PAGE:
Other effects of hallucinogenic drugs include heightened perceptual experiences (e.g., sounds may seem more acute, colors brighter, etc.), significant distortions of time (most often, experienced as moving far more slowly), and a significant loss of reality testing. On this last note, individuals who are under the influence of these drugs are unable to make judgments or rational decisions, and they are often fully disconnected from reality, whereas a person with a depersonalization/derealization disorder often still understands who they are, where they are, etc.
The depersonalization or any other dissociative effects that occur as a result of using a dissociative hallucinogenic drug or even a classic hallucinogenic drug will typically wear off once the drug is metabolized and the individual is no longer experiencing their psychoactive effects.
There might be instances where individuals who use LSD or some other hallucinogenic drug experience what they believe to be “mind-expanding effects” of these drugs. For some individuals, the mind-expanding effects of the drug may be a sense of detachment from their own ego (often referred to as “ego death”), which is a very subjective philosophical notion that the person has expanded their consciousness. This may present itself in some cases as the person believing that they are detached from their own self and are now more aware and in tune with other aspects of reality. This is not a form of psychosis, and it is not a dissociative disorder, but some lay sources may consider this experience to be a form of depersonalization.
Interestingly, a person’s actual experience while under the influence of many hallucinogenic drugs such as LSD is often heavily influenced by the context in which the drug is taken. For example, “bad trips” more often occur in individuals who use LSD when they are stressed or emotionally upset (or expect to have a bad experience) than they do in individuals who are expecting to have a positive experience. Anyone experiencing depersonalization could conceivably also experience “a bad trip” and extreme emotional distress. However, most people who have bad trips do not appear to develop significant lasting psychological damage once the effects of the drugs wear off.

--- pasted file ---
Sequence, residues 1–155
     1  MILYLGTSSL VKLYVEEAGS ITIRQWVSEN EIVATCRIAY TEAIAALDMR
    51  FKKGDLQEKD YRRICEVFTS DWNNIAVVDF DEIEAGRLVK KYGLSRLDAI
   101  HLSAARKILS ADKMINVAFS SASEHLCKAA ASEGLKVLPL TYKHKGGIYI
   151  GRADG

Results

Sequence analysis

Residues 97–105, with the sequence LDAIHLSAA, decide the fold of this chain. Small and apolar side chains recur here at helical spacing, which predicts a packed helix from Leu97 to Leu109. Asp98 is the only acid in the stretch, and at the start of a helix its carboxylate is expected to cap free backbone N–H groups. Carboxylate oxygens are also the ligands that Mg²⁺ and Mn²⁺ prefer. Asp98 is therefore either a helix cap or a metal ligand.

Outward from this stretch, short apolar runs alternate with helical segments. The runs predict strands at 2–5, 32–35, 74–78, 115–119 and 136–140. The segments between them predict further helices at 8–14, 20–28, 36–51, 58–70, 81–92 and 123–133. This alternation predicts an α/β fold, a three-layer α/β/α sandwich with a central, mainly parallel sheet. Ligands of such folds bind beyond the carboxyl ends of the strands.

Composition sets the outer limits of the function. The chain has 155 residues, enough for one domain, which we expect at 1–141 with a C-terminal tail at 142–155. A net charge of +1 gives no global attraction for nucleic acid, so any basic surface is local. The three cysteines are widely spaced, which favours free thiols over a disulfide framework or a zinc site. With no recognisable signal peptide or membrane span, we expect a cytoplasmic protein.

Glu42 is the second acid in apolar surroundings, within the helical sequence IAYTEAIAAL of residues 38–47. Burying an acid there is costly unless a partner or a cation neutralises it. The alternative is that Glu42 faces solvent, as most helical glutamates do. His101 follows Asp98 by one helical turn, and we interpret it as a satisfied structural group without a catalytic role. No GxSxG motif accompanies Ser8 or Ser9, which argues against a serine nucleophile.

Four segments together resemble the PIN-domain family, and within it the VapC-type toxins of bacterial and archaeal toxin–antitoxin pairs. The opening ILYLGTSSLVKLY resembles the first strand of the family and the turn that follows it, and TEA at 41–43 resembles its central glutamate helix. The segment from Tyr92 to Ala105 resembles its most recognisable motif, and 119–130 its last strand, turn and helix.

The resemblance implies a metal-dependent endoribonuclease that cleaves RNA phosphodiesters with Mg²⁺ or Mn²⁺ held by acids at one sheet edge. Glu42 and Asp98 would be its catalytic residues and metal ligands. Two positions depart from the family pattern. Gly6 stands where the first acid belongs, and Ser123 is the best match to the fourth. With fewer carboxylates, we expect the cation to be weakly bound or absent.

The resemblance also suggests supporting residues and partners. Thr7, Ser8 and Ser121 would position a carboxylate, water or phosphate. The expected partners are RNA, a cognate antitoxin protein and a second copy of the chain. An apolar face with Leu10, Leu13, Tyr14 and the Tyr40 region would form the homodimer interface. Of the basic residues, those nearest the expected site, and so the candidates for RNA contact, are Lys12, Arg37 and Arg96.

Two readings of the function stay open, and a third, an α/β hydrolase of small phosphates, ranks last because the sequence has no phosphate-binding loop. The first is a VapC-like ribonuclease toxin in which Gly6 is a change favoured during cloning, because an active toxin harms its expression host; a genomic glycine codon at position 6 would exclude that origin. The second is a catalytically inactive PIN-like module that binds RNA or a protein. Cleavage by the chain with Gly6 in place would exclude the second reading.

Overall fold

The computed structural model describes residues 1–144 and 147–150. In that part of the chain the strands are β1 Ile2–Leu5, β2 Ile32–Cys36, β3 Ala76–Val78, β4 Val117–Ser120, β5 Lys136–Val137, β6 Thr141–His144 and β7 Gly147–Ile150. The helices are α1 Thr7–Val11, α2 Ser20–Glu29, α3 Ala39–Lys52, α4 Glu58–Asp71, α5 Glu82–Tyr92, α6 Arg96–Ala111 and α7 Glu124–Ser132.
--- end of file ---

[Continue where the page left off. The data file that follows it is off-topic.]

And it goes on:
Individuals diagnosed with dissociative disorders often need to undergo comprehensive psychotherapy as there are no formal medications that can address these conditions. Medications may help with some of the reactive symptoms associated with these disorders, such as anxiety or depression. Individuals under the influence of drugs often need to be isolated or kept quiet if the effects of the drugs are disturbing to them, and time for the drug to metabolize in their system is the best form of treatment. The use of support, calming techniques, and reduction of environmental stimulation can be quite useful in people who have experienced severe distress.
Repeated bad trips on hallucinogenic drugs or having allergic reactions to these drugs should be a sign that the person should stop using the drugs; however, individuals who develop substance use disorders need professional intervention, such as involvement in therapy, peer support groups, etc. According to professional sources, such as APA, the risk factors for developing a depersonalization/derealization disorder include having some sort of interpersonal trauma (e.g., sexual or emotional abuse, particularly as a child), having immature defenses against stressful events, and having other personality variables, such as being disconnected or overly connected to others or events. The use of numerous types of drugs, including marijuana and hallucinogenic drugs, can exacerbate symptoms of a dissociative disorder like a depersonalization/derealization disorder, but they are not considered to be causal in nature.